[concurrency-interest] ReentrantReadWriteLock in inconsistent state

Stanimir Simeonoff stanimir at riflexo.com
Thu Aug 2 00:14:28 EDT 2012


David,
I am quite positive it's Thread.stop, as setState is inlined. I've seen
that case due to Thread.stop quite a few times too.
Even though it's possible to avoid the disaster via some awkward steps
like: waiting for sleep mode/examine the stack trace, followed by
Thread.suspend/check again, then stop(). Alternatively peppering the code
w/ stop points during class loading is an option but a hard one.

That has made me wonder if hotspot can prevent adding safe points in
java.util.concurrent.locks classes, or at least the safe point to skip
checking for Thread.stop outside park(). That's it the only safe point
would be park(), as side effect it can have minor performance benefits.

I know Thread.stop is deprecated but still there is enough middleware that
makes use of.

Stanimir

On Thu, Aug 2, 2012 at 5:56 AM, <davidcholmes at aapt.net.au> wrote:

> Phil,
>
> A RRWL that has no owner but can not be locked is definitely a problem. If
> this is not 6822370 then the other possibilities are async-exceptions
> occurring in the release code:
>
>             if (free)
>                 setExclusiveOwnerThread(null);
>             <=== async exception here
>             setState(nextc);
>
> Two possible sources of the async exception:
>
> a) Use of Thread.stop elsewhere
> b) StackOverflowException was triggered trying to call setState
>
> David Holmes
> ------------
>
> Quoting Phil Harvey <phil at philharveyonline.com>:
>
>  Hi,
>>
>> Yes, we had looked at that bug but assumed we were not experiencing it
>> here
>> because we are using Java 1.6.0_25, and it was reported fixed in 1.6.0_18.
>>
>> Do you agree that the unusual state of the ReentrantReadWriteLock suggests
>> we've hit a bug?
>>
>> Phil
>> On Aug 1, 2012 3:05 PM, "Ariel Weisberg" <ariel at weisberg.ws> wrote:
>>
>>    Hi,
>>>
>>>  I remember that. That was fixed Oracle JDK 1.6.0_18. It hasn't been
>>> reproducing for us since 1.6.0_18, but I am not sure if we are using
>>> ReentrantLock in the same way anymore.
>>>
>>>  The reproducer we used was
>>> https://github.com/VoltDB/**voltdb/tree/master/tools/lbd_**lock_test<https://github.com/VoltDB/voltdb/tree/master/tools/lbd_lock_test>
>>>  If I remember correctly it prints '.' as it goes and when it hangs it
>>> stops printing dots.
>>>
>>>  Regards,
>>>  Ariel
>>>
>>>  On Wed, Aug 1, 2012, at 09:27 AM, ?iktor ?lang wrote:
>>>
>>>  Hi Phil,
>>>
>>> Related to this?
>>> http://bugs.sun.com/view_bug.**do?bug_id=6822370<http://bugs.sun.com/view_bug.do?bug_id=6822370>
>>>
>>>  Cheers,
>>>  ?
>>>
>>>  On Wed, Aug 1, 2012 at 3:20 PM, Phil Harvey  <phil at philharveyonline.com
>>> >**wrote:
>>>
>>>  We had a deadlock-like failure of our application recently.
>>>
>>> I initially reported it on the BDB JE forum (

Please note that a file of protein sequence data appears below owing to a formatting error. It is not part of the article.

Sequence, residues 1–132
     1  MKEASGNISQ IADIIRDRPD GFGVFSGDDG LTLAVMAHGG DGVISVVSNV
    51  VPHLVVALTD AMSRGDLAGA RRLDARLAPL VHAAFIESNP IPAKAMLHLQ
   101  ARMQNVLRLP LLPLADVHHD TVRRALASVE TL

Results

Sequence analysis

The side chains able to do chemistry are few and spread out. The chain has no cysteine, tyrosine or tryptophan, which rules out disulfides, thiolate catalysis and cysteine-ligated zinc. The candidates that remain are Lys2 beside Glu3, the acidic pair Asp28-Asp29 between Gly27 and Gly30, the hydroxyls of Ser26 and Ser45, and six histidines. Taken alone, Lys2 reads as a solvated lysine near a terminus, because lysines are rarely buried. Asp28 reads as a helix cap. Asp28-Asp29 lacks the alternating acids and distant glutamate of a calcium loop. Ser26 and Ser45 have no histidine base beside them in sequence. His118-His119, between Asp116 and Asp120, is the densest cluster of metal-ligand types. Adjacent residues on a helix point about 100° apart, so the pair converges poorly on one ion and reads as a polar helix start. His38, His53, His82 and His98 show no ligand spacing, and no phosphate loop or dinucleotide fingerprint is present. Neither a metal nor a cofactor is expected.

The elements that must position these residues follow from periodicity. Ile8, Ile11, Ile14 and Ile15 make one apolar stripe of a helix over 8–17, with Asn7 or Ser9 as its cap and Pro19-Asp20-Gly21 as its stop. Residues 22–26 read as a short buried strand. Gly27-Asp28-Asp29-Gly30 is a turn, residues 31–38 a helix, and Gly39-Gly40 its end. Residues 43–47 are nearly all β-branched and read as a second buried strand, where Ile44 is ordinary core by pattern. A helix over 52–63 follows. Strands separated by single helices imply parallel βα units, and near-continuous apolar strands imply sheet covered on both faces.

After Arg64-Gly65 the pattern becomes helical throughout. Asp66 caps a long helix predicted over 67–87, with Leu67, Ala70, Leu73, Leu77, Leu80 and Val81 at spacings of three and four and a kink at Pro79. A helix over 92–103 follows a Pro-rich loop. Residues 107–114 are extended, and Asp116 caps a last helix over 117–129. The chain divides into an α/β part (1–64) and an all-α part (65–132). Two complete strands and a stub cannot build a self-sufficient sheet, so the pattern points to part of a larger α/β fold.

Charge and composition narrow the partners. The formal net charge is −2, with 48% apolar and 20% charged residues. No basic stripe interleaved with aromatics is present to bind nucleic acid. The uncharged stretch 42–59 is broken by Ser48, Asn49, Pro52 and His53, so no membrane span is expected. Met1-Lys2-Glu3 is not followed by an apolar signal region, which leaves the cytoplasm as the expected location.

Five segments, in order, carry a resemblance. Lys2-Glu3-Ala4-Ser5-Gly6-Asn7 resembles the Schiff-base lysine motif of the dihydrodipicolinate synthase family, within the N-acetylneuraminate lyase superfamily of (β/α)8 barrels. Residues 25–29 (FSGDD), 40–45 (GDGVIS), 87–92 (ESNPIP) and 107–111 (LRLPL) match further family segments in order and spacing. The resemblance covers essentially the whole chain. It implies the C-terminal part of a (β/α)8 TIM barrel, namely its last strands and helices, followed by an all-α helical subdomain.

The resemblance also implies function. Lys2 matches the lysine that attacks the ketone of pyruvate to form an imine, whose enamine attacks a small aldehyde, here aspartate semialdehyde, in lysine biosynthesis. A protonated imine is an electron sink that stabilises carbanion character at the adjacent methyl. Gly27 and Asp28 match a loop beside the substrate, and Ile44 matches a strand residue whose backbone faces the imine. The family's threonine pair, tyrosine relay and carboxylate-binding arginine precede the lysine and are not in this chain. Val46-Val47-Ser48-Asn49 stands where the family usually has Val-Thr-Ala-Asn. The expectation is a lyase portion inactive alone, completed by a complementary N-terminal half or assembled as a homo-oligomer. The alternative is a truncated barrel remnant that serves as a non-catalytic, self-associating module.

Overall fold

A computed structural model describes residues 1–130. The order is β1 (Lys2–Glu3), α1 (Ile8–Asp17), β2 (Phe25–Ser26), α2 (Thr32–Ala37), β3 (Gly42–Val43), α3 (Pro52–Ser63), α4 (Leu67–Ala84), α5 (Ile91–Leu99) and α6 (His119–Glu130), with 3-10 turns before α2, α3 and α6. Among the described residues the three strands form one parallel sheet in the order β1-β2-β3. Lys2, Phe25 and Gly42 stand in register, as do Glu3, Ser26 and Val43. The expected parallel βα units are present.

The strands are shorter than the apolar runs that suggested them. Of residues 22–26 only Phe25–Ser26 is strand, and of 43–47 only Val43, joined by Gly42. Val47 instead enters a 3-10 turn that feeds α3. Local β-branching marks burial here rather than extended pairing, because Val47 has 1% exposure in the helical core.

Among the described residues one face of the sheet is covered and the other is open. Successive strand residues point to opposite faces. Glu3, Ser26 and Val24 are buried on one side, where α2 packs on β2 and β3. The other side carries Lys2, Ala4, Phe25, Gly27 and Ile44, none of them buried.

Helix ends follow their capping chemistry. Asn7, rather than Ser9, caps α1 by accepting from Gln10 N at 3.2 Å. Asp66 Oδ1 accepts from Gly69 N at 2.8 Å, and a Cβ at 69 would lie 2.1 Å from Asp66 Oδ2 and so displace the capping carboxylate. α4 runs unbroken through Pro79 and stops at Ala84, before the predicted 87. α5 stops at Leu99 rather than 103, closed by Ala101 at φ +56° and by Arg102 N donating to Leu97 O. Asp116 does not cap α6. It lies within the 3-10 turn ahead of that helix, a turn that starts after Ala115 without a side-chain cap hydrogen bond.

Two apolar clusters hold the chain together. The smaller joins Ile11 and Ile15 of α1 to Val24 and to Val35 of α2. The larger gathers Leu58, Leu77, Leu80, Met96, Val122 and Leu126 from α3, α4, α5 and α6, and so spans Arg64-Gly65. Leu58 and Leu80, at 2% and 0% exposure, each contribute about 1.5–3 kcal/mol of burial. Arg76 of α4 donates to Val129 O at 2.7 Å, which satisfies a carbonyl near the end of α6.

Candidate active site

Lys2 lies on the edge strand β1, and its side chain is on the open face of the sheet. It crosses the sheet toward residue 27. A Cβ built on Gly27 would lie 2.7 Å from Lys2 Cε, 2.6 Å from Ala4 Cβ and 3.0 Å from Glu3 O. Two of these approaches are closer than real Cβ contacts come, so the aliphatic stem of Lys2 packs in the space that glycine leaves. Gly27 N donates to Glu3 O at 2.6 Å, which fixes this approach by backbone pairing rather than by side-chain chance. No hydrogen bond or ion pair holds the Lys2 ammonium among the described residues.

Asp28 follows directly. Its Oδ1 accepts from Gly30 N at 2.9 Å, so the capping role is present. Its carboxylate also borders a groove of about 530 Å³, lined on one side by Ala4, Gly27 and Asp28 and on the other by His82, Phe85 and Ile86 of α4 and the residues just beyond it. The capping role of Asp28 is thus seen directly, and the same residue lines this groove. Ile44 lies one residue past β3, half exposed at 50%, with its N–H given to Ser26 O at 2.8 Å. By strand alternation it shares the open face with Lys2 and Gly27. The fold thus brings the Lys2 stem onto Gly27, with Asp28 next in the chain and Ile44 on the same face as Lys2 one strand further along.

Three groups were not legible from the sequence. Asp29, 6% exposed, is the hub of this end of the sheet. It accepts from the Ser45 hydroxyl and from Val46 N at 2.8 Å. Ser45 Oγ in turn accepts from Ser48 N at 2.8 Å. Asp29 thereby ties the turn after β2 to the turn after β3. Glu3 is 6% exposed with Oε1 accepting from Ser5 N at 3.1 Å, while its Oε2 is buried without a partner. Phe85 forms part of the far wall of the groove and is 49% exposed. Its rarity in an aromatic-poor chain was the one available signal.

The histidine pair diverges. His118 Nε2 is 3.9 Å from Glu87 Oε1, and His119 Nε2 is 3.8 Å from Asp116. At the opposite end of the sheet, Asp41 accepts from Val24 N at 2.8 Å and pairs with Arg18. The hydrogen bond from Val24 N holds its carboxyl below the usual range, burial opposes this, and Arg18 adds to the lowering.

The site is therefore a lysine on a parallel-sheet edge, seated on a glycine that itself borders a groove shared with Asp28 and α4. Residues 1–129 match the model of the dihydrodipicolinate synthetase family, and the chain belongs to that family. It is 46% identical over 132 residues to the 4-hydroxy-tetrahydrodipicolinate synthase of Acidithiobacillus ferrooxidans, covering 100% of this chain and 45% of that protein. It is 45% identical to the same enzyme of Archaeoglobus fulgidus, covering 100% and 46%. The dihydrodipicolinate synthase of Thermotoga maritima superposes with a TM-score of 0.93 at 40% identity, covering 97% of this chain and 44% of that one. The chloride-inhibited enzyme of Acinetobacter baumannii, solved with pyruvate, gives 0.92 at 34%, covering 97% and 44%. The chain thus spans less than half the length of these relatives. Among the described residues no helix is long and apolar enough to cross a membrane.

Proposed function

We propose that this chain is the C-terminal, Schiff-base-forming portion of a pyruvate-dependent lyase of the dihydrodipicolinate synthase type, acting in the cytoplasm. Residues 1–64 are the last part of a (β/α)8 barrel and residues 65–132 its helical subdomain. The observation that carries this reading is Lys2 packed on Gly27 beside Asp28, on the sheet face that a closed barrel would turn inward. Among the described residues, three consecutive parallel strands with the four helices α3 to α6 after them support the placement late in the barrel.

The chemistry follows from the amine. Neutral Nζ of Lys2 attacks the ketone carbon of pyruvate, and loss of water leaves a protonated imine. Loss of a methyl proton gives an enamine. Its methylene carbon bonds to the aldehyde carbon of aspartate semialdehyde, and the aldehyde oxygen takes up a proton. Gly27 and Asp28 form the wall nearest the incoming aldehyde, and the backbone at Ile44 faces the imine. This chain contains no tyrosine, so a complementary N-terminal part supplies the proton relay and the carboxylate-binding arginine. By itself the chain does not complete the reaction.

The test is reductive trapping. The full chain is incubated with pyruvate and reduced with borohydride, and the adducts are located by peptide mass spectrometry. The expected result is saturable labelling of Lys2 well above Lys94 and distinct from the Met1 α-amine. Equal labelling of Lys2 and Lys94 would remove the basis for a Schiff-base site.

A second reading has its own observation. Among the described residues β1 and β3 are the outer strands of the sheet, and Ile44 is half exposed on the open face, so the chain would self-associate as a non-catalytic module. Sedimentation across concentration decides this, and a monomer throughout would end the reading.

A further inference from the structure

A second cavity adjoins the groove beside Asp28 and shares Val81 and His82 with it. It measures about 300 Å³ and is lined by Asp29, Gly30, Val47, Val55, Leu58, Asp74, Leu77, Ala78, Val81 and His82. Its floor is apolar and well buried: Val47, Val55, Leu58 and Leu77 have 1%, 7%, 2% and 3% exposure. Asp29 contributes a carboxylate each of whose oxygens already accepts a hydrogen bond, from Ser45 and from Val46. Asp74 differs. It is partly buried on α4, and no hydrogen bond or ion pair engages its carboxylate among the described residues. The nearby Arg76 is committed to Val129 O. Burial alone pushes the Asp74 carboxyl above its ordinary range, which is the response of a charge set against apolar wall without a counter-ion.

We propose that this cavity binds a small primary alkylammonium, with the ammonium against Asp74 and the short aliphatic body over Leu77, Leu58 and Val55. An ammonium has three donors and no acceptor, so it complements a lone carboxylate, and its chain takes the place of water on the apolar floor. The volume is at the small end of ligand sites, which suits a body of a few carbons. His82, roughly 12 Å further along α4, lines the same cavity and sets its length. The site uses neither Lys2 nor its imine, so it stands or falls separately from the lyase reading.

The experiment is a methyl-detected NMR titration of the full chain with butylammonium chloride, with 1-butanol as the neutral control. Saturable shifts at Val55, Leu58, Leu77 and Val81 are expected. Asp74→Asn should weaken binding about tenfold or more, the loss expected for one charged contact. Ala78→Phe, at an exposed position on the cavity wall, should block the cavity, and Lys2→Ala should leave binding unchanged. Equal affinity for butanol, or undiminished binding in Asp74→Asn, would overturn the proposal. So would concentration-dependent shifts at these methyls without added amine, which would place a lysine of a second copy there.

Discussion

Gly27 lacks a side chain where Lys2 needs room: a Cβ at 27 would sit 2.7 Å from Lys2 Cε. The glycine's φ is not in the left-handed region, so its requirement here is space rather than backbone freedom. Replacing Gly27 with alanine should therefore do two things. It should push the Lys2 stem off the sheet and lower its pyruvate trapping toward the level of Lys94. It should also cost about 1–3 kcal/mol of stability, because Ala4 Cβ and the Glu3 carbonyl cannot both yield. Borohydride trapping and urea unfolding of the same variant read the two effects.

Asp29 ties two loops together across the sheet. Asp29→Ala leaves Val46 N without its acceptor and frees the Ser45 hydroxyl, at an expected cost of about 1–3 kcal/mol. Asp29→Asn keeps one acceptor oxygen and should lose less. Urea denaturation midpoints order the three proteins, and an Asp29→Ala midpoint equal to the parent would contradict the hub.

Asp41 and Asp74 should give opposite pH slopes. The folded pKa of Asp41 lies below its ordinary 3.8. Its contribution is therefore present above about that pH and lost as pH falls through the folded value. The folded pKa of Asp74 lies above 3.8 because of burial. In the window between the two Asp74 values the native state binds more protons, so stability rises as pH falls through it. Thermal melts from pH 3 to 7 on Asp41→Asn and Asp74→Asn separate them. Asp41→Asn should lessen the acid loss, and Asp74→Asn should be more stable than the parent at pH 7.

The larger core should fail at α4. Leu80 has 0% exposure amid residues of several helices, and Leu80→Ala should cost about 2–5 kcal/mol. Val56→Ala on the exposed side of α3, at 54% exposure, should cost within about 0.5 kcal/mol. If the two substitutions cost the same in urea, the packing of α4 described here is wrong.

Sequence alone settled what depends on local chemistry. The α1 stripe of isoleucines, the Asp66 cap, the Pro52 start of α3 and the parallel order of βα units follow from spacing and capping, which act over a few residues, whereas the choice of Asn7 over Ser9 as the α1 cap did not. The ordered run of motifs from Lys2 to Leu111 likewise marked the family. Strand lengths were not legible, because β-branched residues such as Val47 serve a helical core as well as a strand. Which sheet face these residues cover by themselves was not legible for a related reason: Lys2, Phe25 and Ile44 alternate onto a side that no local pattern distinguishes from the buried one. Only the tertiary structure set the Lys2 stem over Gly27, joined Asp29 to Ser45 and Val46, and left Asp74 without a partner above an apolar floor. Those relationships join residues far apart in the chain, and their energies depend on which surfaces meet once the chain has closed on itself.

>>> https://forums.oracle.com/**forums/thread.jspa?messageID=**10480988<https://forums.oracle.com/forums/thread.jspa?messageID=10480988>)
>>> but
>>> further analysis of the heap and thread dumps has exposed a problem that
>>> looks like a Java locking bug. I'm hoping you can offer advice on whether
>>> this is the case.
>>>
>>> We?re using Oracle JVM 1.6.0_25-b06, running on Linux version:
>>>
>>> 2.6.18-194.32.1.el5.
>>>
>>> We are launching Java as follows: java -server -XX:+UseConcMarkSweepGC
>>> -XX:+**HeapDumpOnOutOfMemoryError -Xmx1024m ...
>>>
>>> Several consecutive thread dumps showed that Thread t at 41101 was blocked
>>> indefinitely in ReentrantReadWriteLock. writeLock().lock().
>>>
>>> We know from code inspection that nothing ever takes a read lock on this
>>> ReentrantReadWriteLock, so started trying to find out what has got its
>>> write lock.
>>>
>>> The output of "jstack -l" should list which thread holds this exclusive
>>> lock in the "locked ownable synchronizers" section but does not.
>>>
>>> Our first theory was that the owning thread might have terminated.
>>>
>>> We wrote a simple test program to explore this. We found from heap dump
>>> analysis that even if the owning thread terminates, the lock itself still
>>> refers to it via the ReentrantReadWriteLock.**WriteLock.sync.
>>> exclusiveOwnerThread field. Looking in the java.util.concurrent source
>>> code, it seems that this field only gets null'ed when the lock is
>>> released.
>>>
>>> However, looking in the heap dump taken following our "deadlock", we were
>>> surprised to find that the lock in question has a null
>>> sync.exclusiveOwnerThread field.
>>>
>>> Surely a write lock should be in one of two states (except possibly for a
>>> tiny instant when its state is being non-atomically switched):
>>>
>>> 1) The lock is available, and sync.exclusiveOwnerThread is null 2) The
>>> lock is unavailable, and sync.exclusiveOwnerThread is populated
>>>
>>> But our lock was indefinitely in this state:
>>>
>>> 3) The lock is unavailable and sync.exclusiveOwnerThread is null
>>>
>>> Does anyone know whether this represents a bug? If not, can you explain
>>> what it means for a lock to be in this counterintuitive state?
>>>
>>> Thanks, Phil
>>>
>>> ______________________________**_________________
>>> Concurrency-interest mailing list
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>>>
>>>
>>>
>>>
>>>
>>> --
>>> Viktor Klang
>>>
>>> Akka Tech Lead
>>> Typesafe <http://www.typesafe.com/> - The software stack for
>>> applications
>>> that scale
>>>
>>> Twitter: @viktorklang
>>>   *_____________________________**__________________*
>>>
>>>  Concurrency-interest mailing list
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>>>
>>>
>>>
>>>
>>
>
>
>
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